[The Myth of Sexaul Abuse # 3] Dr. Christine Blasey Ford’s Testimony and the Myth of “lying about sexual assault ” (part II)

sexual assault myth # 3
(I am sorry this entry becomes this long. Please read the first entry here.)

Unable to recall the details

The next paragraph is the first thing caught my eye to believe that her story is true but also used by many people to attach her credibility: lack of details of the events happened before the assault.

I truly wish I could provide detailed answers to all of the questions that have been and will be asked about how I got to the party, where it took place, and so forth. I don’t have all the answers, and I don’t remember as much as I would like to. But the details about that night that bring me here today are ones I will never forget. They have been seared into my memory and have haunted me episodically as an adult. Continue reading “[The Myth of Sexaul Abuse # 3] Dr. Christine Blasey Ford’s Testimony and the Myth of “lying about sexual assault ” (part II)”


[The Myth of Sexaul Abuse # 3] Dr. Christine Blasey Ford’s Testimony and the Myth of “lying about sexual assault ” (part I)

I was on vacation in Budapest when Dr. Christine Blasey Ford testified in front of the Senate Judiciary Committee. When I woke up that morning, I saw her statement posted on the NPR website. I immediately said to my friend that her story is credible because she displayed the classic symptoms I have seen in all my clients in the past 20 years. That afternoon, we made it back to the hotel room to use the wifi to watch her testimony online.

There are many trauma specialists have pointed out the significance of her testimony in many different ways. Dr. Ford empowered many women who have not yet talked about their sexual trauma in the past. Sadly, many discussions online argued about whether her story was accurate and credible or not. In this article, I wanted to use her statement to point out the symptoms the sexual trauma survivors have experienced and to discuss the arguments of “lies” in the sexual trauma that often added another layer of the wound on the adult survivors of childhood sexual abuse.

Continue reading “[The Myth of Sexaul Abuse # 3] Dr. Christine Blasey Ford’s Testimony and the Myth of “lying about sexual assault ” (part I)”

13 Reasons Why, Depression/Anxiety, Trauma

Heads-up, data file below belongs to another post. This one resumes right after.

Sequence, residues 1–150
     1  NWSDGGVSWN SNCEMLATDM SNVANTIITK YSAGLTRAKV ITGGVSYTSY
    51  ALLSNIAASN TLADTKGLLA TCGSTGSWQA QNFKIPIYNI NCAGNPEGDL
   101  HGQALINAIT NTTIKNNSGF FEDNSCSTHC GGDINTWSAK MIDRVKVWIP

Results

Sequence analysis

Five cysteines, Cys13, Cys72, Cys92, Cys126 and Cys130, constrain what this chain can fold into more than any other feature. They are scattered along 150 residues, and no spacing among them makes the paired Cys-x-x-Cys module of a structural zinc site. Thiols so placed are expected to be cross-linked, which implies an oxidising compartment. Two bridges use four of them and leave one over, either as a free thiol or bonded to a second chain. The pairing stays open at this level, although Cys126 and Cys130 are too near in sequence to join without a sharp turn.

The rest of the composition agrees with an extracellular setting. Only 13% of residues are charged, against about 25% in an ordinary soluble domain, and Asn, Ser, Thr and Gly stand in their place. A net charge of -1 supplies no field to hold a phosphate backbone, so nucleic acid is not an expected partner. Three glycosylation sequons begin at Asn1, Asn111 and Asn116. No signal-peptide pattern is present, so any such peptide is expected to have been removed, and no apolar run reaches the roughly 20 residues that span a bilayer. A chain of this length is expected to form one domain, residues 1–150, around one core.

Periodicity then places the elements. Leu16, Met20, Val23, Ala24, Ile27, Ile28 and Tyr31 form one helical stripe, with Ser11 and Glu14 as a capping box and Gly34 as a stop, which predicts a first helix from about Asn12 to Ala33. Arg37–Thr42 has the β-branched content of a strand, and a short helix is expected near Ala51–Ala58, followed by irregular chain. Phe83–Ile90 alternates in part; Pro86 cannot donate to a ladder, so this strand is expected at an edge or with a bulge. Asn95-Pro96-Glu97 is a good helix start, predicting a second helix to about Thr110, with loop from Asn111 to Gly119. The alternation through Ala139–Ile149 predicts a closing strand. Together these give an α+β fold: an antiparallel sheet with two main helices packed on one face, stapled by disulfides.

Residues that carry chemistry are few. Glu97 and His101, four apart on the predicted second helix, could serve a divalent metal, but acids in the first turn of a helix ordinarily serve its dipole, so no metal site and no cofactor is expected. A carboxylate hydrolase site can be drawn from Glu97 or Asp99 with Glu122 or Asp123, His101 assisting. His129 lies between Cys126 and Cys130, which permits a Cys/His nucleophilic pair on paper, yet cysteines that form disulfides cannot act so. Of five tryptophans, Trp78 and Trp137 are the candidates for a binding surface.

From “13 Reasons Why” to “Facing Your Truth” – “Facing the truth about rape” (Part II)

13reasonswhyrape(Please Read “Facing the Truth about Rape Part I” first.)

Reaction 2: “If it truly happened, why didn’t she do something to stop it?”
You might say I should have done more. At that moment I was already dead.
~ Hannah Baker, Ep 12

Hannah said this after Bryce raped her. Her reaction was typical victim’s reaction: frozen. She also was frozen when she witnessed Bryce raped Jessica. So, before we question the victims “not doing more,” the reality is they can’t because their mind and body are in a status of shock and frozen to do more.

More so, we know that many victims lost their lives because of fighting against the perpetrators. At that moment, it’s either fight and possibly lose your life or let the perpetrator hurt you. So, are we blaming the victims who fought to survive for not fighting the rape? Continue reading “From “13 Reasons Why” to “Facing Your Truth” – “Facing the truth about rape” (Part II)”


[Myth about Sexual Abuse # 2]—“Who Caused the Trouble?”

CBS News Video

Gymnast Larissa Boyce said she was 16 in 1997 when she complained to MSU coach Kathie Klages that she suspected Nassar was abusing her.
“Kathie came back in the room with just me at this point, and said, ‘Well, I can file something, but there’s going to be very serious consequences for both you and Dr. Nassar,” she said. “And I said, ‘Well, I don’t want to get anybody in trouble.’ I just felt humiliated. I felt silenced. I felt embarrassed.”
~ CBS News, 1/28/2018 Continue reading “[Myth about Sexual Abuse # 2]—“Who Caused the Trouble?””


[Myth about Sexual Abuse # 1]–“What Does A Perpetrator Look Like?”

ideal perpetrator

At the end of 2016, I wrote this article about the sexual abuse and sexual assault with a heavy heart. Now, we are at the end of 2017 with a very different atmosphere. Many of my clients told me that they feel very empowered with so many victims coming forward and receiving support from the public.

I am happy to see the changes in the society to support the victims. If I have learned one thing about sexual assault, that is: there are two injuries to the victims, from the perpetrator and from the people who doubted the victims. Like so many victims coming forward and so many people condemning the perpetrators, all the victims get a sense of hope that they can share their stories without being judged. It also allows the future victims who can openly report the crime without covering it up.

I still remembered that “defining moment” when I made this decision: “I want to work with the survivors of sexual abuse.” It was the winter of 1996. I was a young graduate student in my early 20s. I had done the research paper on the issues of childhood sexual abuse in another class. So, in that class, I decided to “find out” what happened when these children became adults.

In the past 20 years, I have learned to work with the adult survivors of sexual abuse. I have dedicated my entire doctoral training to figure out how to work with adult survivors of sexual abuse and their partners. In this process, I also have learned that an essential part of the job pertaining this issue called sexual assault is the advocacy, de-mystify the myth of the sexual abuse.

So, this is a series of articles dedicated to my clients who are the survivors of the sexual assault. Thank you for allowing to be in your life and to see your recovery process.

Continue reading “[Myth about Sexual Abuse # 1]–“What Does A Perpetrator Look Like?””